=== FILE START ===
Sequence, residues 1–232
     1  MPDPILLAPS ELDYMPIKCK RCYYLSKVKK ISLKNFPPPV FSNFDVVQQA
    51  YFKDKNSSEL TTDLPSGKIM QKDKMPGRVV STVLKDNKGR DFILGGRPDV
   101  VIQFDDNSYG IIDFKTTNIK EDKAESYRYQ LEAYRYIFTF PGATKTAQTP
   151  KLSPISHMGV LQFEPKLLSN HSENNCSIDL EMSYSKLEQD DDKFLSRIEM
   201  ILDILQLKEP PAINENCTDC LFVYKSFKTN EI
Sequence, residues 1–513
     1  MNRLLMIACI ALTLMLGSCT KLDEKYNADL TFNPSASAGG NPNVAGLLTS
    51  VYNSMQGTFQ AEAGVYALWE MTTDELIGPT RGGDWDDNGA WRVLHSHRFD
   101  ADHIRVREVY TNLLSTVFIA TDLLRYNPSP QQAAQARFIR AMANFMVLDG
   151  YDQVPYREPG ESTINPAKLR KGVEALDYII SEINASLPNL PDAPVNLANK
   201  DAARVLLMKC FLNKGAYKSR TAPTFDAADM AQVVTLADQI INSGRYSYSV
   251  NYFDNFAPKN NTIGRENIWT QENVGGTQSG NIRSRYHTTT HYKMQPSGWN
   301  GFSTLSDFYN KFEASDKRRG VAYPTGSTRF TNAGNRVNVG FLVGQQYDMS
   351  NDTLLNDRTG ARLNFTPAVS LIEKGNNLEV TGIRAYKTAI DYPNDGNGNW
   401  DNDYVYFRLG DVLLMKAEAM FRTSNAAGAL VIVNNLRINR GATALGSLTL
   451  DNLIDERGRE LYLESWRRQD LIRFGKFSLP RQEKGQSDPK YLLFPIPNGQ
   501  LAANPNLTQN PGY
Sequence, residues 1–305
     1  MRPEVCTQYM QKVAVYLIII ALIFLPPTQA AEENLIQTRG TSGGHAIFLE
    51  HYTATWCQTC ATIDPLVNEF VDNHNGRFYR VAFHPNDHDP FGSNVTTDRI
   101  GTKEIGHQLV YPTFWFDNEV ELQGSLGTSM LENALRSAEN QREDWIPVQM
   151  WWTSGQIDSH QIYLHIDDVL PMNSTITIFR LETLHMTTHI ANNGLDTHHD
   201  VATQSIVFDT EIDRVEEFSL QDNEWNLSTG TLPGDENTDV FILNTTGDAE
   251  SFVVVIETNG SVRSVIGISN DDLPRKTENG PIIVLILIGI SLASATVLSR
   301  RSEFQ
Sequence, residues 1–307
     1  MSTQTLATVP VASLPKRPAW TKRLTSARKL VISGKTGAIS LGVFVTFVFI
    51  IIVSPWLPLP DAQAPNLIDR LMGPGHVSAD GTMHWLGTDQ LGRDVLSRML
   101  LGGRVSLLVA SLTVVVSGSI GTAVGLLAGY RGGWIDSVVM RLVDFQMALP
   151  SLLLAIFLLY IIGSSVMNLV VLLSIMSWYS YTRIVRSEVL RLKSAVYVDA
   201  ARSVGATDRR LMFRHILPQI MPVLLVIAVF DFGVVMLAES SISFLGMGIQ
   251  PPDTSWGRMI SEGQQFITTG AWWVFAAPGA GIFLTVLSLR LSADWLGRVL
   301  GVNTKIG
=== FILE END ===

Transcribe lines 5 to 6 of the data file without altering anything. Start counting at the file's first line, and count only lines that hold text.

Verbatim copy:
   151  KLSPISHMGV LQFEPKLLSN HSENNCSIDL EMSYSKLEQD DDKFLSRIEM
   201  ILDILQLKEP PAINENCTDC LFVYKSFKTN EI